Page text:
Australia skipper Aaron Finch refused to believe that India are a one-man army and said that there are players, who can hurt you badly if taken for granted.
"They've got dangerous guys all through. You've got guys who've made double hundreds in one-day cricket and played so much T20 cricket and are so experienced that if you take them for granted, they'll hurt you badly."
"There's obviously been a bit of focus around Virat, but no more than Rohit, Shikhar (Dhawan) or KL, or any of these guys who can be as damaging as anyone on their day," Finch told the reporters in the pre-match press conference prior to the first T20I in Brisbane.
Australia have been in pretty bad form and lost the rain-curtailed one-off T20I against South Africa as well, thus, taking their streak to five losses in last six games and four in a row.
India on the other hand, have won 11 of their past 12 T20Is, including eight from nine away from home.
But, Finch feels that the team is confident and they will take the game to India, who have been in good form.
"We're still very confident in this format," the Australian captain told reporters.
"It's going to be a great opportunity for us to come out and express ourselves, play some great attacking cricket, take the game on and really try and take it to India. India are in great form and we feel as though we've been building really nicely without getting results going our way so far. So it'll be good fun," he added.
Australia fielded an all-pace attack in their one-off T20I against South Africa on Saturday. That is expected to change with a lone spinner to come to the playing eleven.
"That will be in the calculations. With the size of this ground and how good our spinners have bowled here, while they haven't been huge wicket-takers, they have bowled well. We have options in Ashton Agar and Adam Zampa.
"Traditionally, there is pace and bounce in this wicket. Indian batsmen have been here before, so there isn't an element of surprise with the amount of cricket being played nowadays. But we will still look to use it to our advantage. The boundaries are bigger here than in India, and it could alter strategies.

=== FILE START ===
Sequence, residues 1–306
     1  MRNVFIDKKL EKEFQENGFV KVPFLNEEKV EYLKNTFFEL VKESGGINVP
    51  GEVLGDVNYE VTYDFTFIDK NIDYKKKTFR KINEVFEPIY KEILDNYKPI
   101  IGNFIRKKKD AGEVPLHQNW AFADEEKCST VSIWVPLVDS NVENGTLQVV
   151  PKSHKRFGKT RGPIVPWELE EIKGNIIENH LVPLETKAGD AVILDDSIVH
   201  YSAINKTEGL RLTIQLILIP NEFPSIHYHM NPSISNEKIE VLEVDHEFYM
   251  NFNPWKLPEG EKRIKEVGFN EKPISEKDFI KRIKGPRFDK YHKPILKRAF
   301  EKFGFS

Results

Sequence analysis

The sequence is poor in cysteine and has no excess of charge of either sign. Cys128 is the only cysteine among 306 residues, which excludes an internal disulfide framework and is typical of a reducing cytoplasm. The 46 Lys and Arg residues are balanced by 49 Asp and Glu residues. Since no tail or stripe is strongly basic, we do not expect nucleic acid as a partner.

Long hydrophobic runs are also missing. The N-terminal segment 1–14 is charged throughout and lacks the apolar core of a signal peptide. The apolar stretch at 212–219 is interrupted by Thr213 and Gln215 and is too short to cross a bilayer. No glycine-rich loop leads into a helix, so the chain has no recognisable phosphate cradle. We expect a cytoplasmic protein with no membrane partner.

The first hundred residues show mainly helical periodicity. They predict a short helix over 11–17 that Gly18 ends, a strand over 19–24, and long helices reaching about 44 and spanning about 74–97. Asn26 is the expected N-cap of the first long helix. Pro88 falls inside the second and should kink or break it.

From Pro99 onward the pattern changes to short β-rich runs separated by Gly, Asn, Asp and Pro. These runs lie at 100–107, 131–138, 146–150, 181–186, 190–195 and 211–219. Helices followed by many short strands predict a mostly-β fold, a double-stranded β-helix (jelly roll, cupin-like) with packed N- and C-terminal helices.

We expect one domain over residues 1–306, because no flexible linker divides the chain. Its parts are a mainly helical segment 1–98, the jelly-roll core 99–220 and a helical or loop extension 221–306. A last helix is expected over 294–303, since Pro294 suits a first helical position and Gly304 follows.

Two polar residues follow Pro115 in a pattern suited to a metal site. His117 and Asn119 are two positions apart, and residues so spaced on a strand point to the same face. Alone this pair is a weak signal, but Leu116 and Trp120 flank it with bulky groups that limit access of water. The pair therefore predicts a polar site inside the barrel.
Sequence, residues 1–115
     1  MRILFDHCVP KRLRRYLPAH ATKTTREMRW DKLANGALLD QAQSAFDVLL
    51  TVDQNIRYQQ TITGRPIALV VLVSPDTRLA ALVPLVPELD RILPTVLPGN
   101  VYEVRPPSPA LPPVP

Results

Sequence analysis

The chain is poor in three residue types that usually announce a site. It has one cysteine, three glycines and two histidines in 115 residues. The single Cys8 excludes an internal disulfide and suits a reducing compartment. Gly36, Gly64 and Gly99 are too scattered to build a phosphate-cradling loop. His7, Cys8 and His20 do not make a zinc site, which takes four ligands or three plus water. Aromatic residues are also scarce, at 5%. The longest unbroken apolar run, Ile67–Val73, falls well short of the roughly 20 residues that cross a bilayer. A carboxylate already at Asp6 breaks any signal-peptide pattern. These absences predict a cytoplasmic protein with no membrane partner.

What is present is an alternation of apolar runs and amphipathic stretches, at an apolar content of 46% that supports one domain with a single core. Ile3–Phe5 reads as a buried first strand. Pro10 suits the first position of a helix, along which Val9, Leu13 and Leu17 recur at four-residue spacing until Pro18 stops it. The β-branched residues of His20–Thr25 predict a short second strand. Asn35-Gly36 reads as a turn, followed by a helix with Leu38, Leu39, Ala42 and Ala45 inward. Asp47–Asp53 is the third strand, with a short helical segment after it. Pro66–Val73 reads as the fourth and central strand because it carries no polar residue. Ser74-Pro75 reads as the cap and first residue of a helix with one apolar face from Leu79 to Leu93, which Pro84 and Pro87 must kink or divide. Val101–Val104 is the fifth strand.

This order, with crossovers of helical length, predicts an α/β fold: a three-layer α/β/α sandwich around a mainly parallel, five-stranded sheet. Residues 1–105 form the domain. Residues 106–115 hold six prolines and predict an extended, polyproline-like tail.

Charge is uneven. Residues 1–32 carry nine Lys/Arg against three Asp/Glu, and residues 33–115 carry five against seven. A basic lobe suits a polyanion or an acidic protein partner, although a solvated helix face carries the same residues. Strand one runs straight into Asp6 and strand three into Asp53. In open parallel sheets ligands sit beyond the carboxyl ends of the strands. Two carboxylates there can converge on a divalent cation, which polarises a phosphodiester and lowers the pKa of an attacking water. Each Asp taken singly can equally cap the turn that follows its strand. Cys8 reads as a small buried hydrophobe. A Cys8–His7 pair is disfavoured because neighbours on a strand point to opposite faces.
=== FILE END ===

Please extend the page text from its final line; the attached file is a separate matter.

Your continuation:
"You cannot hit as many sixes to influence the game as soon as you come to the crease, and you might have to steal doubles instead. I think the team that deals with it the better will win this series," Finch said.
Finch also weighed in on the aggression debate.
Earlier, it was Kohli, who said that he doesn't feel the urge to be agrssive and won't do anything on his own Down Under when it came to altercations.
Finch however, said that he hasn't seen any change in the Indian captain's attitude lately and Kohli will continue to spur on his team mates with the same intensity that he has always.
"Virat plays the game that gets the best out of himself, and I think that at times, for him that's about being verbal for his team, and pumping them up and being right in the contest," the 32-year-old said.
"So the verbal won't change whatsoever -- I think what (Kohli) was referring to was his aggression, but 'verbal' is encouragement for teammates. It's not abuse or anything like that," he added.
The ball tampering scandal and its aftermath is still making headlines in Australia and on Tuesday, Cricket Australia refused to shorten the bans on Steve Smith, David Warner and Cameron Bancroft and Finch felt that it would have been great if the guys at least played domestic cricket.
"It would have been great to see the guys playing some domestic cricket at the backend of this summer, but we have to respect Cricket Australia's decision and for the ban to stand. We have to move on (to the series at hand)."
(With inputs from PTI)